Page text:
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Roman Štětina

Roman Štětina

Bereich: Installation, Video, Medienkunst, Sound Art

TONGUE TWISTER, film still, 2014

TEST ROOM, video still, 2015

SOUVENIR, installation, 2015

STUDIO No. 2 (Slapstick), video still, 2013

AUDITORIUM, installation, 2014

CURRENT ISSUE © Roman Štětina

CURRENT ISSUE © Roman Štětina

CURRENT ISSUE © Roman Štětina

RELAX © Roman Štětina

Key Facts




Installation, Video, Medienkunst, Sound Art



Empfehlende Institution

tranzit.org/ERSTE Stiftung


August 2016 - August 2016

Roman Štětina was born in Kadaň in 1986. He currently lives and works in Prague, Czech Republic. Štětina graduated from the Academy of Fine Arts in Prague in 2015 after spending two years on the Städelschule in Frankfurt am Main in the classes Judith Hopf and Douglas Gordon.

Štětina is currently included in Manifesta 11, Zurich curated by Christian Jankowski. Current Solo shows include: Instruction for Use od Jiří Kolář (with Miroslav Buriánek), Plato, Ostrava, curated by Marek Pokorný and The Fortress of Solitude from the holy wood of eternal noise (with Larisa Sitar), MNAC Bucharest, curated by Anca V. Mihulet. Recent Solo shows include: 2015: Souvenir, Polansky Gallery, Prague; Lecture, Gallery of Fine Arts, Zlín (CZ) ; 2014: Mluv, abych tě viděl, Kabinet Gallery, TIC, Brno (CZ) . Other recent selected group shows include: 2015: All Watched Over, James Cohan Gallery.Silver Lining, National Gallery, Prague ; Graduates of the Academy of Fine Arts in Prague, National Gallery, Prague ; 7th Zlín Youth Salon, Gallery of Fine Arts, Zlín (CZ) ; The Importance of Being in a (Moving) Image, National Gallery, Prague (2015); Jindrich Chalupecky Award, National Gallery, Prague); Straight to Camera: Performance for Film, Modern Art Oxford ; 2014: Peripheral Vision, IV. Moscow International Biennale for Young Art, MMOMA; Explain Me Not, Autocenter Berlin.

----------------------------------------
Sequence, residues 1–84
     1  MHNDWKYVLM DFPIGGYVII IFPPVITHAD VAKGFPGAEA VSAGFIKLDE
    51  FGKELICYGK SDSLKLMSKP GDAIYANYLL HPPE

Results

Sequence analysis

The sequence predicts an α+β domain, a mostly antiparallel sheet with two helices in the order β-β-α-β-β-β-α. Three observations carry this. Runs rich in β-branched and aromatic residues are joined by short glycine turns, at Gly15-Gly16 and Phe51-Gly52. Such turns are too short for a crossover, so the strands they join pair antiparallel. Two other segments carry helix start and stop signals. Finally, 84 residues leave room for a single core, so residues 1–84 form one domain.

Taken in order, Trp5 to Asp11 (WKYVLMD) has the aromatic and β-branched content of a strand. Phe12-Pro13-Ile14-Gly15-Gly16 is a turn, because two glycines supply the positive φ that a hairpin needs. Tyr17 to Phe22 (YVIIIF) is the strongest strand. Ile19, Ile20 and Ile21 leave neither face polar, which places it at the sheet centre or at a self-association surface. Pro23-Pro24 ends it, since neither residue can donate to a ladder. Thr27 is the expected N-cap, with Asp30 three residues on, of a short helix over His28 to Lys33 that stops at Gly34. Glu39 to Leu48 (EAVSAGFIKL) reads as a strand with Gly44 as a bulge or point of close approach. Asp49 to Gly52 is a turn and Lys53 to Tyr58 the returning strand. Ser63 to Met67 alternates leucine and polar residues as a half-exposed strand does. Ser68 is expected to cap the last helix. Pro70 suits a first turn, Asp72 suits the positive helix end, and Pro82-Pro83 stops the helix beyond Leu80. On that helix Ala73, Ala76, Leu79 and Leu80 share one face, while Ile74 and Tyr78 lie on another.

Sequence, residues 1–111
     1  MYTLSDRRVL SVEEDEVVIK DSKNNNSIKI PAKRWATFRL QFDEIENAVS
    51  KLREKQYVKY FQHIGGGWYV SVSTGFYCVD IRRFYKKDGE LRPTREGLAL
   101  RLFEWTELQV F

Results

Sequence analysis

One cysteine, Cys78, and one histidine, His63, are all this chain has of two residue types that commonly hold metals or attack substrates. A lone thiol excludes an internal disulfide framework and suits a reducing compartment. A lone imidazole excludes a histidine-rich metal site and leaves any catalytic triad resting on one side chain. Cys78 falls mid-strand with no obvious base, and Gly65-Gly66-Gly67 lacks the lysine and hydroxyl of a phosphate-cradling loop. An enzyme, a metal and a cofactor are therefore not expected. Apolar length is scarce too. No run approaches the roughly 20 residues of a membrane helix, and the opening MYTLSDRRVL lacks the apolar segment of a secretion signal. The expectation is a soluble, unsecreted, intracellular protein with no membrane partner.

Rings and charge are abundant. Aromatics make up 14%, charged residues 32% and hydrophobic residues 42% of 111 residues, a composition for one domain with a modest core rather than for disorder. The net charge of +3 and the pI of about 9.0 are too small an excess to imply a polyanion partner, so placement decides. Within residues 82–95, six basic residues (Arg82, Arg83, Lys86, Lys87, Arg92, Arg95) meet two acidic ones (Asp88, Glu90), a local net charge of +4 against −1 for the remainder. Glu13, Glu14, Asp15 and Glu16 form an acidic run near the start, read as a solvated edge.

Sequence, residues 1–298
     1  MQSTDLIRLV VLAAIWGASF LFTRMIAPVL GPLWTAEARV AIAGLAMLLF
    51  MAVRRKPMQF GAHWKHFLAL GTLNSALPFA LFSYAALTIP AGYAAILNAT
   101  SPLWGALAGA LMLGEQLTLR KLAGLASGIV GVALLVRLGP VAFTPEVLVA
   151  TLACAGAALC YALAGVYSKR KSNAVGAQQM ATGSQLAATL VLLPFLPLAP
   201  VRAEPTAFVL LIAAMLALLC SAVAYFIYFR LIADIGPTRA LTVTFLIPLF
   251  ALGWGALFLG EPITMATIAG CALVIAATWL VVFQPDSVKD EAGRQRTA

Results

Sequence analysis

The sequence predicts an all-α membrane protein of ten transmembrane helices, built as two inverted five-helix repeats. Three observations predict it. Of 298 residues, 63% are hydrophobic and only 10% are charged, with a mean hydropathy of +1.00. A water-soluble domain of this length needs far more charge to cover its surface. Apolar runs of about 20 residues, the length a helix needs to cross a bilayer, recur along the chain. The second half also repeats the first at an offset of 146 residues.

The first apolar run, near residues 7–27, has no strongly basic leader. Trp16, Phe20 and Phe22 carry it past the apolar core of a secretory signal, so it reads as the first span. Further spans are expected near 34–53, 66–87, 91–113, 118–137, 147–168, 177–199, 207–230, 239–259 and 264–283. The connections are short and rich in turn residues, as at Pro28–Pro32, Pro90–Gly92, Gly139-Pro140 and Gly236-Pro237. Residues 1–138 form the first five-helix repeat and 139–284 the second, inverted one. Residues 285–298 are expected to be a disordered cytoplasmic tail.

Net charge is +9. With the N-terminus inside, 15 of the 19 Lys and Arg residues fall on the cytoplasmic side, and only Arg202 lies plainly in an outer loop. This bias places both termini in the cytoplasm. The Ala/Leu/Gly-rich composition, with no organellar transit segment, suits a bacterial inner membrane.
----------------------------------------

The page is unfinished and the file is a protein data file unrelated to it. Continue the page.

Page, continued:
His films and video works were presented at Anthology Film Archive, New York, International Film Festival Karlovy Vary (Czech Republic), goEAST, 14th Festival of Central and Eastern European Film in Wiesbaden in Germany, Bosse & Baum London, PAF Olomouc (Czech Republic), Delfina Art Foundation London, etc.

2013 – 2015 Städelschule, Frankfurt am Main, Judith Hopf class, Douglas Gordon class
2009 – 2015 Academy of Fine Arts, Prague (AVU), studio of Tomáš Vaněk
2006 – 2009 Institute of Art and Design, Pilsen, studios of Michal Pěchouček, Dušan Zahoranský, Adéla Matasová
2005 – 2006 University of West Bohemia, Pilsen, Faculty of Philosophy and Arts – Humanity studies

2016 Residency Unlimited, New York
2012 Studio of Guest Professor AVU, Florian Pumhösl
2012 Atelierhouse Salzamt, Linz, Austria
2012 Egon Schiele Art Centum, Cesky Krumlov, Czech Republic
2010 – 2011 Studio of Guest Professor AVU, Marcus Geiger
2008 Academy of Fine Arts and Design Bratislava, studio of Kisspal Szabolcz

FilmPreis, Staedelschule Rundgang, 2015
Rector's Award for the Best Diploma Work, AVU Prague, 2015
Jindrich Chalupecky Award 2014
Open Frame Award, goEAST Film Festival Wiesbaden
Shortlisted for the HENKEL ART.AWARD. 2013


Deutche Telekom Art Collection, Germany
European Central Bank Art Collection, Germany
Vehbi Koc Foundation, Istanbul, Turkey


Polansky Gallery, Prague, Czech Republic